* Greenpeace says guns pointed at activists' heads
* Russia calls oil platform protest "aggressive"
* Summons Dutch ambassador to complain
(Releads with boarding)
By Gabriela Baczynska
MOSCOW, Sept 19 Armed Russian coastguard
officers boarded a Greenpeace ship that was circling an Arctic
oil platform on Thursday, after Moscow accused the
environmentalist group of "aggressive and provocative"
Greenpeace said coastguard personnel rappelled onto the ship
from a helicopter. "Greenpeace International activists locked
inside the radio room said they saw other activists detained on
their knees with guns pointed at them," it said in a statement.
A tweet that Greenpeace said was posted from on board the
ship before communications were cut, read: "This is pretty
terrifying. Loud banging. Screaming in Russian. They're still
trying to kick in the door."
Two Greenpeace activists scaled the side of the
Gazprom-owned Prirazlomnaya platform on Wednesday and
were arrested for actions the Russian Foreign Ministry said
Moscow summoned the Dutch ambassador to discuss the issue.
Greenpeace is based in the Netherlands and its Arctic Sunrise,
which had 25 people aboard, is a Dutch registered vessel. The
two people arrested for boarding the rig are of Swiss and
The protest is against the environmental risks posed by
increased energy exploitation in the Arctic, estimated to hold
13 percent of the world's undiscovered oil reserves and 30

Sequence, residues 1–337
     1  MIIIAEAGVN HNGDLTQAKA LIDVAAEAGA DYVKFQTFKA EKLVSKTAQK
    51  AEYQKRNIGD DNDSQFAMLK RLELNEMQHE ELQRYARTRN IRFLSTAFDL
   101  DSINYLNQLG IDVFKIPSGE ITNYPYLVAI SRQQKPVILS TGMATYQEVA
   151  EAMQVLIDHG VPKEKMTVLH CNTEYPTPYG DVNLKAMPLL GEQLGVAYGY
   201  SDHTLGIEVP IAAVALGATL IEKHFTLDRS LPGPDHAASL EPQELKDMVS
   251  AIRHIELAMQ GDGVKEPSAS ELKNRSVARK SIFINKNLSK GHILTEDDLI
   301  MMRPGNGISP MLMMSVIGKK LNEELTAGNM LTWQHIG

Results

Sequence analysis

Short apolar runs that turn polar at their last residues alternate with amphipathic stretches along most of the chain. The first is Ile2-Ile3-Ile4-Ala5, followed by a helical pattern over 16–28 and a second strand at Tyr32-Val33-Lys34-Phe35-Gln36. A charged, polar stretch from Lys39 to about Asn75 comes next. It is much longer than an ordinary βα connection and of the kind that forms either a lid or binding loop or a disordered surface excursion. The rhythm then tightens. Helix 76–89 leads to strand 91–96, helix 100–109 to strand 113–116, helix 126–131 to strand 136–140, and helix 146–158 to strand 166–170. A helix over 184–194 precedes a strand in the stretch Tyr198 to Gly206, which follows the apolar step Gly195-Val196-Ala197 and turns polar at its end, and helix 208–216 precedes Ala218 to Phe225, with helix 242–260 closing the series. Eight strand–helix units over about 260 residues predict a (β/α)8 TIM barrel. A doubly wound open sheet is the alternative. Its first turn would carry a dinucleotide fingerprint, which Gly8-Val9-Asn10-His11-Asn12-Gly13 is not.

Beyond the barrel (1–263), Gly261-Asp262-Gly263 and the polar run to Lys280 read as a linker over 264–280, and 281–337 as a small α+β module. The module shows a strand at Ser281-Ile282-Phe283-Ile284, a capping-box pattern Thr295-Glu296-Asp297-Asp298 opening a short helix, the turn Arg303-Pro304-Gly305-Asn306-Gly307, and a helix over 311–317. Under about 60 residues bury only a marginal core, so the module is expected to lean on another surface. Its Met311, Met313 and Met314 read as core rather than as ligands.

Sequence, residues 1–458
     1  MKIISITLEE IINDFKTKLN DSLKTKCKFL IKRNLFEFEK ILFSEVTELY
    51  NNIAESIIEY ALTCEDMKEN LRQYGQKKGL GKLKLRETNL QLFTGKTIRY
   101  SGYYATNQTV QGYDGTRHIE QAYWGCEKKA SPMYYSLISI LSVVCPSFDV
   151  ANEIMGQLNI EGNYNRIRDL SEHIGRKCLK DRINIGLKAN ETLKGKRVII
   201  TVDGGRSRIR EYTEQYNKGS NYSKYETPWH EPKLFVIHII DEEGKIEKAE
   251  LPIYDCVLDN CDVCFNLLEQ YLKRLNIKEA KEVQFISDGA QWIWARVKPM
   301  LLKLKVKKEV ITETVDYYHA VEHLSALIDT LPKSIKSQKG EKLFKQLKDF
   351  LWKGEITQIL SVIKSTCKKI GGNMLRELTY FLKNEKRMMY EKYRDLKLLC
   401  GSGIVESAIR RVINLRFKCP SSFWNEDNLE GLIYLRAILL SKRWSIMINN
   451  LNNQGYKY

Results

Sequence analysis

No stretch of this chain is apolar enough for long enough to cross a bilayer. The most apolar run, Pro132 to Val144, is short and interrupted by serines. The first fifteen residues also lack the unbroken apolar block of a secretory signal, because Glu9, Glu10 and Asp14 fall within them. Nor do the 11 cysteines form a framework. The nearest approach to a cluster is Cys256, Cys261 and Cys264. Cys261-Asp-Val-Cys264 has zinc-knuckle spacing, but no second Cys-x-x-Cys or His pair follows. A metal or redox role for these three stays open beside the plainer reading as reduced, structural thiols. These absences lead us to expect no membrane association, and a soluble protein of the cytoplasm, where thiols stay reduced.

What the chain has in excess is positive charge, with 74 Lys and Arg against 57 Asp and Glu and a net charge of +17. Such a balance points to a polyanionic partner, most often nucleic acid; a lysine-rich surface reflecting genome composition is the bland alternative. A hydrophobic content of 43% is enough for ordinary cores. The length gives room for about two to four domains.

percent of its undiscovered natural gas.
Prirazlomnaya is Russia's first Arctic offshore oil rig and
a sensitive project in a country that has made tapping the
region's resources a priority. Greenpeace activists last boarded
the platform in August.
"The intruders' actions were of aggressive and provocative
character and had the outward signs of extremist activity that
can lead to people's death and other grave consequences," the
Russian foreign ministry said in a statement issued before news
of the armed raid on the boat.
Greenpeace International executive director Kumi Naidoo
said: "We ask President Putin to restrain the Coast Guard and
order them to holster their guns and withdraw. We are a peaceful
organisation and our protest has done nothing to warrant this
level of aggression."
Global majors including ExxonMobil, Eni and
Statoil plan to work in Russia's Arctic waters and
Norway is pushing ahead with its own drilling plans.
But technical difficulties, high costs and mishaps as well
as environmental campaigns have caused hesitation among some
Developing the Prirazlomnoye oil deposit, in the Pechora Sea
some 60 km (40 miles) from Russia's northern coast, was delayed
last year, with Gazprom blaming technical problems. It is
expected to reach peak production of 6 million tonnes per year
(120,000 barrels per day) in 2019.
(Editing by Ralph Boulton)